Fall 2010 not offered
|Certificates: Environmental Studies|
This course will focus on the biology of conservation rather than cultural aspects of conservation. However, conservation issues will be placed in the context of ethics, economics, and politics. We will cover the fundamental processes that threaten wild populations, structure ecological communities, and determine the functioning of ecosystems. From this basis, we will explore important conservation issues such as population viability, habitat loss and alteration, food web alteration, invasive species, and climate change. We will use readings from the primary literature and field projects to learn about current research methods used in conservation biology.
Ethical Reasoning, Quantitative Reasoning
Ethical reasoning: This course challenges students to reflect on the ethics of Conservation Biology from different points of view, such the intrinsic vs. economic valuation of living organisms.
Quantitative reasoning: This course requires students to understand examples of, and, to a lesser extent, practice quantitative analytical skills such as making accurate measurements, statistical reasoning, modeling empirical data, and using mathematical theory to explain and predict.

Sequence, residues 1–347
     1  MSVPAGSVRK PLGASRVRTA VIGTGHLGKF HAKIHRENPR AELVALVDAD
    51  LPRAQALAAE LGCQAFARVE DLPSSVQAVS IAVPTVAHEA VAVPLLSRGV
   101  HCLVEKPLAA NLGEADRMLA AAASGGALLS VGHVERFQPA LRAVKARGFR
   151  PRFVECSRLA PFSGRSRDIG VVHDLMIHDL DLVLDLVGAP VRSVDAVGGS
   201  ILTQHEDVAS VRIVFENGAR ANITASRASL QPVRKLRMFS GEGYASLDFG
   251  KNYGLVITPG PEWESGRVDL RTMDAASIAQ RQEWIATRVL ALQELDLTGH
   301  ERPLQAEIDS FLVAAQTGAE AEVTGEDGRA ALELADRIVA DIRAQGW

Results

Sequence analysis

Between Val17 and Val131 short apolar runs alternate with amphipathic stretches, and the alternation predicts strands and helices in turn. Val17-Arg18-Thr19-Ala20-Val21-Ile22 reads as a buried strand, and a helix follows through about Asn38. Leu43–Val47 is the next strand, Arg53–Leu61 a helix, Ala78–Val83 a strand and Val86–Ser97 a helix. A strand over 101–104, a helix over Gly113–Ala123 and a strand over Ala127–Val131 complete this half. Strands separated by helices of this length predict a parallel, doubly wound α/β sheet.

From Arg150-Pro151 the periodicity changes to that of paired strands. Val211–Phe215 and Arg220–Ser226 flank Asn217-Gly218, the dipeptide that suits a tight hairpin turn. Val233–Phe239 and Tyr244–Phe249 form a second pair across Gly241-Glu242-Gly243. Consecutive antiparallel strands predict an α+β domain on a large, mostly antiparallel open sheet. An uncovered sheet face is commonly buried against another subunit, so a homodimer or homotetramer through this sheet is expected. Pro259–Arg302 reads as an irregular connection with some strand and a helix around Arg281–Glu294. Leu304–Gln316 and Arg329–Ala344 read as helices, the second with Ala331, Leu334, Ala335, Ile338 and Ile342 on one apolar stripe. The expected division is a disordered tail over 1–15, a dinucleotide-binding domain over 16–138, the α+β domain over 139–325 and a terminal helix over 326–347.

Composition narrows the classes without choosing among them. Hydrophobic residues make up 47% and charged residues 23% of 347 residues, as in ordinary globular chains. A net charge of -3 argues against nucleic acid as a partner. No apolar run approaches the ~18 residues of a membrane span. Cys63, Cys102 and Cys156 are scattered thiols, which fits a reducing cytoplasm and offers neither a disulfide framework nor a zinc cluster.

||Gen Ed Area Dept:
|Course Format: Lecture / Discussion||Grading Mode: Graded|
||Prerequisites: [BIOL182 or MB&B182] OR [BIOL196 or MB&B196]
||Fulfills a Major Requirement for: (BIOL)(ENVS-MN)(ENVS)(SISP)
Groom, Meffe, Carroll (2005) PRINCIPLES OF CONSERVATION BIOLOGY, 3rd ed., Sinauer Assoc., Inc. Publishers. ISBN 0-87893-518-5
|Examinations and Assignments: |
Mid-term exam, final exam, group project with oral presentation, short written reports of readings from primary literature, field/laboratory exercises
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